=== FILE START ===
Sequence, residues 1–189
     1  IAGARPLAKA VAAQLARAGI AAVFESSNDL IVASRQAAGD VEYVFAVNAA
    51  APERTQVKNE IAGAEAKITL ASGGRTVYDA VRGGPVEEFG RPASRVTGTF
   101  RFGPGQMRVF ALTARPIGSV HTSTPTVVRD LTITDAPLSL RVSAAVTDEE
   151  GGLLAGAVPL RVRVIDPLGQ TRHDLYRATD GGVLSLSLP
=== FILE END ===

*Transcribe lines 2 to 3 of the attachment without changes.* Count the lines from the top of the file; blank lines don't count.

     1  IAGARPLAKA VAAQLARAGI AAVFESSNDL IVASRQAAGD VEYVFAVNAA
    51  APERTQVKNE IAGAEAKITL ASGGRTVYDA VRGGPVEEFG RPASRVTGTF